Top Eight Features Of The 2018 Triumph Bonneville Speedmaster
Just over a week ago, I was fortunate enough to spend some time aboard Triumph’s new Bonneville Speedmaster during a day of riding near Carlsbad, CA. This was the first of Triumph’s revised Modern Classics that I had a chance to ride.
I remember at one point being very interested in a Bonneville or Scrambler, yet after riding my brother’s 2012 865cc Bonneville, I was underwhelmed with the engine and overwhelmed by the weight – the idea of owning one simply faded away.
Flash forward to a week ago and here we are: an all-new Speedmaster and an all-new riding experience on Triumph’s newest Bonneville iteration. Let’s take a look at what I found to be the Top 8 features of the 2018 Triumph Bonneville Speedmaster.
1.) 1200 HT Engine
How could I not begin with the engine? I was stoked immediately with Triumph’s new 1200 High-Torque engine. It was so much more than what I had experienced previously in my brother’s 865cc-engined Bonneville (Sorry, bro! It’s not that bad, just don’t ride the new 1200). The 1200 HT with what Triumph calls the “Bobber tune” hit all the right notes for me. Triumph claims 78 lb-ft of torque being produced at 4,000 rpm and 77 hp at 6,100 rpm from the 1200 HT: “Bobber tune” is said to provide 10% more torque and horsepower at 4,500 rpm from the standard tune.
Looking back at our Retro Roadster Shootout, when we dynoed the Bonneville T120 Black which shares the 1200 HT engine without the Bobber tune it produced 69.8 hp at 5,500 rpm and 71.4 lb-ft of torque. Add 10% to those numbers and it’s pretty close. While we haven’t had a chance to dyno the Bobber-tuned 1200 HT, to my butt dyno, it is is certainly a welcome improvement to the older 865cc motor.
2.) Dualies up front
Triumph does a great job, in my opinion, of creating genuinely classic looks while maintaining modern performance and technology. When I saw the single disc on the front of the original Bobber, it was a bit of a let down for me. Purely an aesthetic choice to a vital component of the motorcycle’s performance. Needless to say, I was glad to see the dual front rotors were carried over to the Speedmaster from the Bobber Black.
The dual 310mm front rotors clasped by Brembo two-pot calipers do a great job of slowing things down in a hurry. Remember, let’s keep it relative here, they aren’t M50s but they still give strong braking power and adequate feel at the lever.
3.) Light and easy handling (until you hit the peg feelers)
The Speedmaster is small for a “touring” motorcycle, yet it was still surprisingly agile when taken through some twisty backroads. Of course, cornering clearance becomes an issue all too soon but, the Speedmaster moves from peg feeler to peg feeler with ease.
4.) White Fusion/Phantom Black color option helps to justify the Triumph rep’s liberal use of the word premium throughout the tech briefing
Don’t get me wrong, I’m not picking on a marketing/PR guy for using buzzwords. That’s the name of the game. While premium may have been used 10 or 20 times too many during our briefing, it is my pleasure to report that it isn’t all buzzwords and BS with the Speedmaster. If any of you have had a chance to check out a new Triumph in the last few model releases, these motorcycles do feel premium and have an attention to detail that unequivocally shows Triumph’s focus on creating real modern classics.
The new Speedmaster comes in Black, for you brooding types, Cranberry Red for $250 more, which I feel brings out a little more of a hotrod/rebellious feel, and the classy Fusion White/Phantom Black for $500 extra dollars, which is separated on the tank by a hand-painted gold coach line. I have been told the signature of each painter can be found on the underneath side of the tank. Fancy.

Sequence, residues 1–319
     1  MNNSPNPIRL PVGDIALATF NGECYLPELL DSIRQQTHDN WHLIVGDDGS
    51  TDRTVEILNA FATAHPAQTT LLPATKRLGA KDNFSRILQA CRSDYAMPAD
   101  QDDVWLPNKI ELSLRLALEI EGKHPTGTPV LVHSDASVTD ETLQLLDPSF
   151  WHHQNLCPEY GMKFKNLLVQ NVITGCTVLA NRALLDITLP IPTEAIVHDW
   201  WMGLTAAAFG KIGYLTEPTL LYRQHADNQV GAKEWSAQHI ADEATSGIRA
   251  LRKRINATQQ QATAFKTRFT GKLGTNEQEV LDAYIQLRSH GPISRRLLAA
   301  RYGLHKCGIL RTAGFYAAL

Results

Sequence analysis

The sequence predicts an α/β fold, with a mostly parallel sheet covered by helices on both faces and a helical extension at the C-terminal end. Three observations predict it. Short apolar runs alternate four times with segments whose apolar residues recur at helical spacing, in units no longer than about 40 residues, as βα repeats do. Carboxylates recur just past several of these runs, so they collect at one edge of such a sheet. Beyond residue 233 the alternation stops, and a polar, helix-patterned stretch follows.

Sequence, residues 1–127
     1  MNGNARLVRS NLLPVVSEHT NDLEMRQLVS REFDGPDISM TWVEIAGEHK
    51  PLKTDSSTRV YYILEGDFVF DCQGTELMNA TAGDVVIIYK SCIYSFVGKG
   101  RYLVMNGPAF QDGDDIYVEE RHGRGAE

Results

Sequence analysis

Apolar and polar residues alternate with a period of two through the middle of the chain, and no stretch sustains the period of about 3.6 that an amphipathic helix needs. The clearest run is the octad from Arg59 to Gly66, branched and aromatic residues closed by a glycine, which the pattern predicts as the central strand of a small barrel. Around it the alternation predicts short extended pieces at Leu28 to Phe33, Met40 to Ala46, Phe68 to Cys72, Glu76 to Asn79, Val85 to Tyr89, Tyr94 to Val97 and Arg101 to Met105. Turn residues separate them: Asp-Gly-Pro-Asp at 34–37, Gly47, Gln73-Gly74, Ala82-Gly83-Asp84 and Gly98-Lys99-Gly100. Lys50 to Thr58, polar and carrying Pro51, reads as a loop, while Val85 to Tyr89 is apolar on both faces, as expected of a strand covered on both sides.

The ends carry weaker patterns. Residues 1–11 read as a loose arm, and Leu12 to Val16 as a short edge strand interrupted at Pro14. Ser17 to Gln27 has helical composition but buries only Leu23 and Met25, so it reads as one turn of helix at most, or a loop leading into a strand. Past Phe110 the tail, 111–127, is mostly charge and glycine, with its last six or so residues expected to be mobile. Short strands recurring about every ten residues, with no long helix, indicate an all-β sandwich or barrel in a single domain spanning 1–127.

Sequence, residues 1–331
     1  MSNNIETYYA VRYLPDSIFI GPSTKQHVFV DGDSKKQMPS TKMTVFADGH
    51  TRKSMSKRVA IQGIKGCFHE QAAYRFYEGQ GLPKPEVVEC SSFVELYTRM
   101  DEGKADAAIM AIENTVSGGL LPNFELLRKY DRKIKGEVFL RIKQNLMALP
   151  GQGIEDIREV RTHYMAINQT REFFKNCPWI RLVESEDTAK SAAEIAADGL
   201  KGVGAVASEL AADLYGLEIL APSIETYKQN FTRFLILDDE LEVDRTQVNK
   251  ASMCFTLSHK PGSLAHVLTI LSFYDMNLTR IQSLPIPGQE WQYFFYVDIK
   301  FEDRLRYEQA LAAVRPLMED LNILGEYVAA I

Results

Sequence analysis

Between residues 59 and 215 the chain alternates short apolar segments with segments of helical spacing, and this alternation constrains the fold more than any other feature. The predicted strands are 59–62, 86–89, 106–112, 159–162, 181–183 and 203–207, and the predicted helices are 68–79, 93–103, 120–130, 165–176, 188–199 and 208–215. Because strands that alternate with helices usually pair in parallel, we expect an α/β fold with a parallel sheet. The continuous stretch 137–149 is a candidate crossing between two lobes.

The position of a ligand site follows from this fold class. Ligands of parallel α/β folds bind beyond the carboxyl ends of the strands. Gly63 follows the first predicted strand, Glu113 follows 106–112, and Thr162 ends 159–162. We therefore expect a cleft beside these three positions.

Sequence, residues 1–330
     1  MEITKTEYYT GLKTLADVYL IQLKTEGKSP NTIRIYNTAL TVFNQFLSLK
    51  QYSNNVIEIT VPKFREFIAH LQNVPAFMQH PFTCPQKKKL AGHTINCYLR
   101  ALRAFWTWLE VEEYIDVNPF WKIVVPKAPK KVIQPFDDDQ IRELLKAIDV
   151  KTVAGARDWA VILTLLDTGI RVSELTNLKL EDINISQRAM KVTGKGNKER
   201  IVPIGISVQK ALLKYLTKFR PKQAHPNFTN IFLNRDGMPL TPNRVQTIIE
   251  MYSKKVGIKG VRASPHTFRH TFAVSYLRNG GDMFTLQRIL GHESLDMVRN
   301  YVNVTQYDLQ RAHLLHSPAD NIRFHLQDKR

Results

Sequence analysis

I ♥ cruise control
When I bought my first motorcycle in California after moving from Illinois, I noticed the previous owner had installed aftermarket heated grips. Heated grips? In California? GTFO! Well, it turns out heated grips are kind of a nice option to have anywhere. It can get cold here too, especially at elevation.
I have had a similar revelation with cruise control. None of my personal motorcycles have it and sure, people have been doing just fine without for plenty of years but, it is kind of the best thing since sliced bread. Exaggeration? Nope. I love it. The Speedmaster and other Bonnevilles boast an easy to use system: one press to turn it on, one press to set, one press to cancel (or use the brakes). Easy as pie.
6.) 150 accessories available and counting…
An advantage of creating new models based off of similar chassis and motors means many accessory parts can be bolted on easily. Triumph now boasts over 150 different accessory options for the Speedmaster. Many of which are options for the Bobber and Bonneville models as well.
7.) Larger fuel tank than the Bobber
The Bobber’s range-limiting 2.4-gallon tank was a bit of a miss for some but, to be realistic, the Bobber was never meant to be a touring motorcycle. Thankfully the Speedmaster boasts a 3.2-gallon tank which, according to Triumph’s claimed 50 mpg, should get you 160 miles per tank. Although it’s a decent upgrade from the Bobber in terms of capacity, it’s still less than the Bonneville T120’s 3.8-gallon tank.
8.) Like the Bobber? Well, you can pick up chicks (or dudes) with this one
I really like the aesthetic of the Bonneville Bobber but it is impractical in so many ways. That didn’t seem to stop it from being the fastest-selling model in Triumph’s history as a brand but now those who want to bring a special someone with them or strap something to the backseat, have a place to do so. The Bonneville Speedmaster with the curated Maverick inspiration kit ($2,030) brings it closer to the attitude and styling of the Bobber.